March 19, 2021
Many first-time authors think that once they have finished writing their book, the hard part is over. Unfortunately, there's still a lot of work to be done. Marketing a book can be just as challenging as writing it. Connecting a wide readership to your book involves major marketing know-how, not to mention considerable time.

This is where a book publicist can be your best friend.

For all of the writers out there who have wondered - should I hire a publicist? - read on to learn if a publicist can help you reach your book marketing goals.
But First… What Does a Publicist Do Anyway?
A book publicist connects her clients to media outlets that feature authors on their platform. This includes radio, TV, podcasts and print media outlets.

Essentially, a publicist reaches out to media contacts, like show producers and journalists,
and schedules interviews for authors.
A book publicist may also connect authors to bookstores, professional groups or other organizations for readings, speaking engagements and other forms of book promotion. In some cases, a book publicist may organize a book tour for a client.
What Are Your Marketing Goals for Your Book?
Now that you know what a publicist does, you can assess if their work aligns with your book promotion goals. This of course begs the question: what are your marketing goals for your book?

Increased book sales and name recognition are a given. But how are you aiming to get there?

Do you want more book reviews or influencer reviews? Do you want to create a social media buzz? Looking for viral videos about your book?

In some cases, a book publicist may coordinate these marketing efforts, but again, their main focus will be booking media interviews for a client.

So if talking about your book on a TV program, radio show or podcast is the goal, then a book publicist is the best way to get you there.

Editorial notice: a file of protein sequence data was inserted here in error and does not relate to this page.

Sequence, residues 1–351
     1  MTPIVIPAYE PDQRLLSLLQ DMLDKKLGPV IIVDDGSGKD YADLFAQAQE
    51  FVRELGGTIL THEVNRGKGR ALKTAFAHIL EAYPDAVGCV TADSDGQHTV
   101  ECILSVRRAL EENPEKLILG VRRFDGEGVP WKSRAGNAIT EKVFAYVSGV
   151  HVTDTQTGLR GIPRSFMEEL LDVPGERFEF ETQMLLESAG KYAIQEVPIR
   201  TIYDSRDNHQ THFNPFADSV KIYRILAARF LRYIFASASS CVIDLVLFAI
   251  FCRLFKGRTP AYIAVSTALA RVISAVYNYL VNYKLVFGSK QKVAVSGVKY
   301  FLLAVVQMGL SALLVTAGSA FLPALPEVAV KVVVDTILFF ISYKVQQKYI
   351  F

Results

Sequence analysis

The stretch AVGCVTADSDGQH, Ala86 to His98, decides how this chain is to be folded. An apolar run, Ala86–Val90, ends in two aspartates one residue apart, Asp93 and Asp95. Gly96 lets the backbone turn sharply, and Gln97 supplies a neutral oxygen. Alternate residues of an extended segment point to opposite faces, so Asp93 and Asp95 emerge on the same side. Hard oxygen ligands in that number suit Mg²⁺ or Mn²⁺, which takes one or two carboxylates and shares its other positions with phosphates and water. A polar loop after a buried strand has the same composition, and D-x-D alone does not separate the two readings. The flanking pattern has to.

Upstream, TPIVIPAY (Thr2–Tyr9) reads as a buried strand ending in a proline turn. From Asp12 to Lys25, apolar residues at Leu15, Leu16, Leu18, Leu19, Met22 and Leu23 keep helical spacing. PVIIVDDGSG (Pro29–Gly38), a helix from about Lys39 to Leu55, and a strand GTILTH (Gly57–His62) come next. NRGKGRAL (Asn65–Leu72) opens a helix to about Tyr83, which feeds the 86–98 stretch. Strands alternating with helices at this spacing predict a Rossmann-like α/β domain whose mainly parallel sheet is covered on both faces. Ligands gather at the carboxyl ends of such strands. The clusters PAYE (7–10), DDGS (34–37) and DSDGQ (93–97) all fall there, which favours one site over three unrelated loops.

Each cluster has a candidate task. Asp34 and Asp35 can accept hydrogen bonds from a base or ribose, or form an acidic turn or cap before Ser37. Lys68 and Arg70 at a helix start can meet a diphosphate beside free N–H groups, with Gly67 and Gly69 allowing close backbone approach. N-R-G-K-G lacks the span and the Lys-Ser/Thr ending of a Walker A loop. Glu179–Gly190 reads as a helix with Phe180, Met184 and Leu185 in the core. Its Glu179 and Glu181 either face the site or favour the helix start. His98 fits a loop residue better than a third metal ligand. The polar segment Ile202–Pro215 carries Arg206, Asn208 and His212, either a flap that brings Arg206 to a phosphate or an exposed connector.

Can You Effectively Pitch Your Book
to Media Outlets?
Performing the work of a book publicist may seem easy at first blush. You simply research contacts at media outlets and send them information about your book, right?

Well… sort of.

There is a whole lot of work that goes into this task that can be broken down as follows:

1. Developing an engaging pitch
This means locating the themes in your book that will resonate with certain groups of people. The pitch needs to be super short - say a paragraph or two - that packs in the themes in an informative, but engaging way for your intended audience.

2. Researching media outlets
I say "media outlets" and you might think of your favorite national and local shows. Maybe you know a few dozen or a couple of hundred. Here's the thing: there are thousands of shows that could be an appropriate platform for your book.

And not only do you have to scour the rolls of TV, radio, podcast and print outlets in national, regional and local outlets, but you have to know their demographics and niche topics of focus to determine if they coincide with your book's themes and audience demographics. And you need to know the producers' and editors' names and the contact information.

3. Creating press kits and marketing collateral
Besides creating an engaging hook, you often need to create press kits that include press releases, fact sheets, bios, press coverage, graphic design elements and other marketing collateral as necessary. There is an art to creating this work and knowing when to send it.

What About Following-up with Media Contacts?
Pitching to media contacts is just the first major step. Don't expect the media to call you after your pitch.

You will then need to follow-up with the contacts to increase your chances of landing an interview. Show producers and journalists have busy schedules and are inundated with interview requests, so follow-up is a must. Sending follow-up emails and placing calls takes more time to complete and track than you might assume before giving it a go.

Can You Identify and Reach Out to Venues?
Libraries, schools and places of worship may be appropriate venues for talking about your book. There are also plenty of professional associations and non-profit groups whose interest might overlap with the ideas and themes of your book.

Identifying these groups, reaching out to them and organizing speaking engagements is, much like booking media interviews, a time-consuming endeavor that can pay off with the right message and persistent follow-up.

Still contemplating… should I hire a book publicist? Reach out to me today. I have decades of experience overseeing book publicity campaigns and consulting with authors on book publicity, having launched winning campaigns for authors like John Perkins (Confessions of an Economic Hitman) and Jack Canfield and Mark Victor Hansen (Chicken Soup for the Soul series).